9. PWS better document RAA post-approval reviews and ongoing monitoring of leases and/or licences.

10. OCG take the opportunity to learn from successful projects by reviewing those currently operating to assess the extent to which proponents have achieved their objectives and how the operating project aligns with the original guiding principles of the EOI.



Cassy O’Connor MP | Greens Leader and Parks spokesperson, 22 September 2020

Auditor General Confirms Corrupted EOI Process for Development in Protected Areas

The Auditor-General’s Report into the Expressions of Interest process for Tourism Investment Opportunities is a damning assessment of the EOI and Parks’ Reserve Activity Assessment (RAA) process.

READ:  Cleveland Will No Longer Call Baseball Team The Indians: Reports

The Report confirms the EOI process is developer-driven. It also found the EOI panel is lacking in independence and skills, and the assessment process is designed in a way that allows for projects to be recommended for approval, despite failing two out of three assessment criteria.

The Auditor General found that potential conflicts of interest are not being managed, exposing flaws in the EOI assessment panel’s probity processes.

Disturbingly, while the Solicitor General advised that all individual proposals should be brought before him for review, this has not happened. It begs the question. Why?

The Auditor General’s report also pointed out, Tasmania is the only State to allow developments that are not compliant with Management Plans for protected areas.

The report also finds significant problems in the internal Parks’ Reserve Activity Assessment process, which is developer-driven.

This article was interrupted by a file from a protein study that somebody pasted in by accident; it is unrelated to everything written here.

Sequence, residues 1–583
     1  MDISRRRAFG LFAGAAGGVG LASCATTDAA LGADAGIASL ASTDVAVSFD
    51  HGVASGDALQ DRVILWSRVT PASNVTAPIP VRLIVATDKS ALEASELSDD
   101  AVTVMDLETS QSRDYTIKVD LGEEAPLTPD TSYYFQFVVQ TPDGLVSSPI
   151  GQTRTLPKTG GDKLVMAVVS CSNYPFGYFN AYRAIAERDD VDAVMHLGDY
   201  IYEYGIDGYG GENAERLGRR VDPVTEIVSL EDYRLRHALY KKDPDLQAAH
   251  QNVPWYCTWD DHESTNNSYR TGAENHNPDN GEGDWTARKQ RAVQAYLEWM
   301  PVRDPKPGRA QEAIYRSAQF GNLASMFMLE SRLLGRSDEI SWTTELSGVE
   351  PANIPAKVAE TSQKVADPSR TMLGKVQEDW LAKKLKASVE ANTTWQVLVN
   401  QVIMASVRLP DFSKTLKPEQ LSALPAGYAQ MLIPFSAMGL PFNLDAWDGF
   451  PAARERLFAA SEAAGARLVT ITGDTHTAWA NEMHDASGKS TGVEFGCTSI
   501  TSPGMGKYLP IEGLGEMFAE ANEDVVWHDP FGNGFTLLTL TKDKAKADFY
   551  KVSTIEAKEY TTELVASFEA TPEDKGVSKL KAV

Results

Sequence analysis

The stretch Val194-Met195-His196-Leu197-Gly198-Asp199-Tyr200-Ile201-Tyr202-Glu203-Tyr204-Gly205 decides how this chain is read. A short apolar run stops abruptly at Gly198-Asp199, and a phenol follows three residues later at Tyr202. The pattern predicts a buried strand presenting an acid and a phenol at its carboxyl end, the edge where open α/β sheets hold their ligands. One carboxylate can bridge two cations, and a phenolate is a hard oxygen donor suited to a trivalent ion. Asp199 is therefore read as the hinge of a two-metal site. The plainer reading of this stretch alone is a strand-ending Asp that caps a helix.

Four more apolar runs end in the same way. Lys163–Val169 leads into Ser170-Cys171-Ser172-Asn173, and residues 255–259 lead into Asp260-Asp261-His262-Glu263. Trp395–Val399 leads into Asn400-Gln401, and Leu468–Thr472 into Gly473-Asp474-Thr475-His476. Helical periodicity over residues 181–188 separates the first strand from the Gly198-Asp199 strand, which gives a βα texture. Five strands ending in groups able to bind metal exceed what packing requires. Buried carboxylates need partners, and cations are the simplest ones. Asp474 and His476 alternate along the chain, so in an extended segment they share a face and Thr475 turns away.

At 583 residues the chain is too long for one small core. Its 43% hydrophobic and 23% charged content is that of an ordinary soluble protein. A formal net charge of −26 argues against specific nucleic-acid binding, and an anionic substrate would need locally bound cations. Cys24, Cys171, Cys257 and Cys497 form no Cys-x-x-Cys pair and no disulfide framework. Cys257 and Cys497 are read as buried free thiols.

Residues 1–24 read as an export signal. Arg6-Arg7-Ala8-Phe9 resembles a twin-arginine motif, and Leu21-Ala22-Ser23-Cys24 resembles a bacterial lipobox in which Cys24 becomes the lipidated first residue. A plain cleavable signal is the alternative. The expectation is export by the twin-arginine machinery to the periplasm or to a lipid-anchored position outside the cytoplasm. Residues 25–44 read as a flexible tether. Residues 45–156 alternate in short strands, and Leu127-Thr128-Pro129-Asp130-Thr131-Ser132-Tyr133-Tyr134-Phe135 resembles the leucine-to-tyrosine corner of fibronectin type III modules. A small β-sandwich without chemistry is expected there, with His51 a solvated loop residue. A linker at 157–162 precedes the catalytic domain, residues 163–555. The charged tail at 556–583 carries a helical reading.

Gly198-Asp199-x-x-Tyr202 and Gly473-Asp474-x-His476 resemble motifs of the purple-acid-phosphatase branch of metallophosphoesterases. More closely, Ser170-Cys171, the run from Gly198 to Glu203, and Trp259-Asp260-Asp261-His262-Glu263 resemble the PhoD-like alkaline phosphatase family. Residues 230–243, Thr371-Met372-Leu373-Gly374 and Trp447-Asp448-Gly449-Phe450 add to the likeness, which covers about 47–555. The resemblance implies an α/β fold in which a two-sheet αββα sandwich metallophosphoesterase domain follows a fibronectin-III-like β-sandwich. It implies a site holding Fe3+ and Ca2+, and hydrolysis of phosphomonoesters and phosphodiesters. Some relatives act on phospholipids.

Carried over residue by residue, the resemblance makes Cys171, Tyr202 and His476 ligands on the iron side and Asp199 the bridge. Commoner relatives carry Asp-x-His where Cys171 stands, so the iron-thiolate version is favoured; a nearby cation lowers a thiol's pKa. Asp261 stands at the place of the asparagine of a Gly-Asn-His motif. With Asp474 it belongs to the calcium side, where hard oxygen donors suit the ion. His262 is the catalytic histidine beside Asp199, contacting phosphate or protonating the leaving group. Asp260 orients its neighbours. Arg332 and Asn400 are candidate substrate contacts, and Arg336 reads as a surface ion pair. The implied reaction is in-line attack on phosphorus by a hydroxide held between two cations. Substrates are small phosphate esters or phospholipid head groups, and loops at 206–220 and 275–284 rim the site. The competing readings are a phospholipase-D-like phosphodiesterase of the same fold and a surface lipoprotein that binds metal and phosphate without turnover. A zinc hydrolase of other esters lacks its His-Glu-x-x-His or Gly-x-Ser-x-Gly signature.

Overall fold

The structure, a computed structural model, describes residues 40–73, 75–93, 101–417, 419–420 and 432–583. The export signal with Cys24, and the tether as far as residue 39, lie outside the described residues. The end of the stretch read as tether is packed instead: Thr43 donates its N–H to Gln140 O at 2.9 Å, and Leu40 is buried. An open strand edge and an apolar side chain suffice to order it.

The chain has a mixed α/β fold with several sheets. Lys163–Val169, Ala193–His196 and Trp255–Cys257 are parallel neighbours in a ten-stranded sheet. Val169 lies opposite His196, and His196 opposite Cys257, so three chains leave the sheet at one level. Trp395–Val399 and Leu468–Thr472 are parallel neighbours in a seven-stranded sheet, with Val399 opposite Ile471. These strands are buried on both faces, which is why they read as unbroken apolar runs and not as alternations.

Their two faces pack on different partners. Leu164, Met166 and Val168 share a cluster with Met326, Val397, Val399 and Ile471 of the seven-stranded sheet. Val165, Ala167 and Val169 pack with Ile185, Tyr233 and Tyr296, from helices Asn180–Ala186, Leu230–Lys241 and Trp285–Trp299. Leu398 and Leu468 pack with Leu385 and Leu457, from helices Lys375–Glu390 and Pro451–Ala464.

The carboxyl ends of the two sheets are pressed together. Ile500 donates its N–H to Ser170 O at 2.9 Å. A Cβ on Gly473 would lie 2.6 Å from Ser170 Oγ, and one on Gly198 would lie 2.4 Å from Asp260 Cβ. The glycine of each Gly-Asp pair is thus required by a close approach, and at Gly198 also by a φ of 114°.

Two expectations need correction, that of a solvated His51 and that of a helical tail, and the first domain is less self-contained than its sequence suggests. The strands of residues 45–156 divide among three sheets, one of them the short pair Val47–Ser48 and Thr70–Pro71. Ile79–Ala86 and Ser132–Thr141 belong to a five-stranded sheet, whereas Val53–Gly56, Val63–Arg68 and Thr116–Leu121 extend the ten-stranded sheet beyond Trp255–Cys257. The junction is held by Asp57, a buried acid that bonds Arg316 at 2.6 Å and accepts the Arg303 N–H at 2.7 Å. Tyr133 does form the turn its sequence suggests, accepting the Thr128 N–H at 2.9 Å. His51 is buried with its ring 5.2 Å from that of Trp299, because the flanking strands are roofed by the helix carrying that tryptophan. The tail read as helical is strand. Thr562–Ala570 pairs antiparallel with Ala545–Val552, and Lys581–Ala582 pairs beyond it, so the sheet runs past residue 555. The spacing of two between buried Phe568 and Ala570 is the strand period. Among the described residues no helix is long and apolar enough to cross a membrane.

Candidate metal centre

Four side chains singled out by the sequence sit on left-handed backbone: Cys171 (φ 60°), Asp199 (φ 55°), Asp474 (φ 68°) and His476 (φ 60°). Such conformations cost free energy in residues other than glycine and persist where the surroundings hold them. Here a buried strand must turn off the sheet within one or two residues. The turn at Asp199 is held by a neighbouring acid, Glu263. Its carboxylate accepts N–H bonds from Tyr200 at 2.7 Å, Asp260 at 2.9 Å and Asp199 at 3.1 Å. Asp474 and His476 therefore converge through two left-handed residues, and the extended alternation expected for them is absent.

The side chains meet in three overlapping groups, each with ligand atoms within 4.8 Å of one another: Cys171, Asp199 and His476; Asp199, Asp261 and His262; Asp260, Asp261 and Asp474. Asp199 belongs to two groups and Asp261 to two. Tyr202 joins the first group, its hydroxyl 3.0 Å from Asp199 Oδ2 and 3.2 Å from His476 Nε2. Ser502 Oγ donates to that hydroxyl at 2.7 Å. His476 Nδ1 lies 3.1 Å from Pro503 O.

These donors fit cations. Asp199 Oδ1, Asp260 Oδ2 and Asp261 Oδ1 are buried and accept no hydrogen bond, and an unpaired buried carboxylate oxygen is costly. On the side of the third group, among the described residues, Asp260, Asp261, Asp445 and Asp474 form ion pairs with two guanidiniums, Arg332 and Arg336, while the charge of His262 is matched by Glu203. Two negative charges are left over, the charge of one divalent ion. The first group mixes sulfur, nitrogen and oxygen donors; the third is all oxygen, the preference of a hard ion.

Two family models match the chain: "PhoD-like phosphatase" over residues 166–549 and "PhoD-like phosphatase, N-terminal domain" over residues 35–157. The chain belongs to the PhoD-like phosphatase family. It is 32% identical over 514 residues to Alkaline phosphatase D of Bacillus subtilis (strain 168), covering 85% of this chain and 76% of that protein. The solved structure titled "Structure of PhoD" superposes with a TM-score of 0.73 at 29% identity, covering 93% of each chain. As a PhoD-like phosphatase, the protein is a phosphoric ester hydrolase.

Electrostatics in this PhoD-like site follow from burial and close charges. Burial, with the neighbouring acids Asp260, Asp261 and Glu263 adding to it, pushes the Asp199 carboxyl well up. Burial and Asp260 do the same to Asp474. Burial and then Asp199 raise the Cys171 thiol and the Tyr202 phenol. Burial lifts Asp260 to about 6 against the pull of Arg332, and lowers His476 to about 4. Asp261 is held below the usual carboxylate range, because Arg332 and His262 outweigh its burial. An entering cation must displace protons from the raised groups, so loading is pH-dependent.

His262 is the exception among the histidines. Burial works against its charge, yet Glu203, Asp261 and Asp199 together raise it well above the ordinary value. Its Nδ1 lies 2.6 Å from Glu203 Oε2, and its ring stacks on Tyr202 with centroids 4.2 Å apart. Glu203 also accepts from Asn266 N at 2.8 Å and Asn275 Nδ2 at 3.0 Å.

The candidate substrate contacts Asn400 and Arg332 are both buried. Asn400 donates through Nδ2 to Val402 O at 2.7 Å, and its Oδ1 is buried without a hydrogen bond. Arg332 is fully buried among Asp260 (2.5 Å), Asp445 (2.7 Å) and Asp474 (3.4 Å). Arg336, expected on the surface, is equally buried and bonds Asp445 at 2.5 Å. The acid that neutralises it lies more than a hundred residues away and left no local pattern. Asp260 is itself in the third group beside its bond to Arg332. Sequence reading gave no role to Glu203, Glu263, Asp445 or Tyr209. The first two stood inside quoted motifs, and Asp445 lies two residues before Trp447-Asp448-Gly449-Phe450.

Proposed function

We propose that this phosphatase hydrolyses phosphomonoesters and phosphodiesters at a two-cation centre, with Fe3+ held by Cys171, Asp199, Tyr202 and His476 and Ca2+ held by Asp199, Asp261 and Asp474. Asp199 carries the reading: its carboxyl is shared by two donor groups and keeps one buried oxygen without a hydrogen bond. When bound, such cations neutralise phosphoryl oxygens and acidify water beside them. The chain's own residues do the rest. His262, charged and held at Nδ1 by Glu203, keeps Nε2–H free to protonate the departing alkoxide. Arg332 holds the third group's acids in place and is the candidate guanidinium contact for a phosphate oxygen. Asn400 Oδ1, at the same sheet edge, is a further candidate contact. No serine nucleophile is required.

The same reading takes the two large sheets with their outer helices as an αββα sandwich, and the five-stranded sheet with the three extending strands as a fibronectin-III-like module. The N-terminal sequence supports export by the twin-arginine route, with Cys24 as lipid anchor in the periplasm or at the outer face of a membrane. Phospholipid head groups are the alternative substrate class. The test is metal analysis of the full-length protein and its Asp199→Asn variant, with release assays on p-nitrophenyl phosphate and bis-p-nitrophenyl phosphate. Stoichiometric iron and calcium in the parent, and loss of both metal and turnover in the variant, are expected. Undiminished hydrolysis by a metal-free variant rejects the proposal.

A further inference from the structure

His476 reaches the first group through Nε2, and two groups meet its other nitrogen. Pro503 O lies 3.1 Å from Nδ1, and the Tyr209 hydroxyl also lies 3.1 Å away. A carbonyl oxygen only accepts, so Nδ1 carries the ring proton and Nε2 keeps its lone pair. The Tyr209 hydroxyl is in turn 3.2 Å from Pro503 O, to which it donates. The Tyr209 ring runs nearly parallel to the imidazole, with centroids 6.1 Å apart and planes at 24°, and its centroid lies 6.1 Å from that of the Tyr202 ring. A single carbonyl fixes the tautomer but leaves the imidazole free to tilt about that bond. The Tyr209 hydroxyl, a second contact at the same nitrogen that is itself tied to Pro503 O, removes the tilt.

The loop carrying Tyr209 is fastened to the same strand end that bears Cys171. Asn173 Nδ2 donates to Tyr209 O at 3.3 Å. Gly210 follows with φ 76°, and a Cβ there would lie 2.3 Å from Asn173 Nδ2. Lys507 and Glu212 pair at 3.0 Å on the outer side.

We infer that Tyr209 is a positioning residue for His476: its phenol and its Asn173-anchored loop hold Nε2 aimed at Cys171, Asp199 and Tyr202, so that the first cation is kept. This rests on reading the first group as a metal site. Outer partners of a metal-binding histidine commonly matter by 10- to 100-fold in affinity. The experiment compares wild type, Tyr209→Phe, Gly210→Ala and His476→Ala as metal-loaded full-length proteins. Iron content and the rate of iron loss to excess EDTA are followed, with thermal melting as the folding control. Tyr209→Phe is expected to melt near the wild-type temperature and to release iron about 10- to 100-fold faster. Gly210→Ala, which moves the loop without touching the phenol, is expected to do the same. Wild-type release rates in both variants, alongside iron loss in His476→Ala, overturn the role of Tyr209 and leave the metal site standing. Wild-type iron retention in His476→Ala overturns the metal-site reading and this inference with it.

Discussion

Of 22 Reserve Activity Assessments the Auditor General examined, only two had full documentation.

A number of EOI proposals with incomplete documents and financial details were given high scores by the assessment panel.

This would not be acceptable in a proper planning process.

In the case of other assessments that go through a normal planning process, this would not be acceptable and would result in an application stalling until the documentation was made available. Not, however, when there is a flawed RAA being presented to a planning authority as part of the secretive EOI process.

It’s even more concerning that an RAA process is not appealable, no matter how many flaws and deficiencies it contains.

The whole EOI process stinks – a truth Tasmanians from all over increasingly understand.

Bushwalkers, fly fishers, recreational users and lovers of our wilderness increasingly do not support the EOI process. Now the Auditor General has revealed the deep, unfixable flaws at its secretive heart.

Source: Tasmanian Times https://tasmaniantimes.com/2020/09/auditor-general-report-tourism-eoi/#utm_source=rss&utm_medium=rss&utm_campaign=auditor-general-report-tourism-eoi

Shares
Share This
Finance Advice 2021